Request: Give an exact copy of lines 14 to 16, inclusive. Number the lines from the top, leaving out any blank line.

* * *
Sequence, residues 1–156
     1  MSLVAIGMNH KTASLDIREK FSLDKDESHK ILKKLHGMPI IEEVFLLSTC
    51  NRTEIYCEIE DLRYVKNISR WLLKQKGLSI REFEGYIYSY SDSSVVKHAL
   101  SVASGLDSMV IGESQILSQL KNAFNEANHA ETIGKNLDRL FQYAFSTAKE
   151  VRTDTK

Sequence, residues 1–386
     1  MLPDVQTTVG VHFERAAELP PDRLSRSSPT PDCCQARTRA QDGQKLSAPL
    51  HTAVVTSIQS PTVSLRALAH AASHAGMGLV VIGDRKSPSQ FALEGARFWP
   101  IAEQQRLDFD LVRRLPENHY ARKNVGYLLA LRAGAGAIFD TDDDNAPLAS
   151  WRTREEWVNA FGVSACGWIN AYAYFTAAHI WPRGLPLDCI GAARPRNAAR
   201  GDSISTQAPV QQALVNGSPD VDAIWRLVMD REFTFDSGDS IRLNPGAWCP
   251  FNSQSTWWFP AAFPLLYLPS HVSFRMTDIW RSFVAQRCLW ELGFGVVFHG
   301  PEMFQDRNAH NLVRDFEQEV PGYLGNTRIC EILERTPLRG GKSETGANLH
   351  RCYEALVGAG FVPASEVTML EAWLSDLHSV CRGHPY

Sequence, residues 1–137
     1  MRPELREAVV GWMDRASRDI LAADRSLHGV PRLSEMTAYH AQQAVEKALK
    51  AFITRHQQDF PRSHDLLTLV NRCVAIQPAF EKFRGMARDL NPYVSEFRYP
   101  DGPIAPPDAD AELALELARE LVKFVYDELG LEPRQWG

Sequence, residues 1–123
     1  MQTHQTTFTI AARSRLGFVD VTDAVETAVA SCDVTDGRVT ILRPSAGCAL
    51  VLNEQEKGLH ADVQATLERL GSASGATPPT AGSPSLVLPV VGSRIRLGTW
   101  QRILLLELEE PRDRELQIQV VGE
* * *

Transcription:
   351  RCYEALVGAG FVPASEVTML EAWLSDLHSV CRGHPY

Sequence, residues 1–137
     1  MRPELREAVV GWMDRASRDI LAADRSLHGV PRLSEMTAYH AQQAVEKALK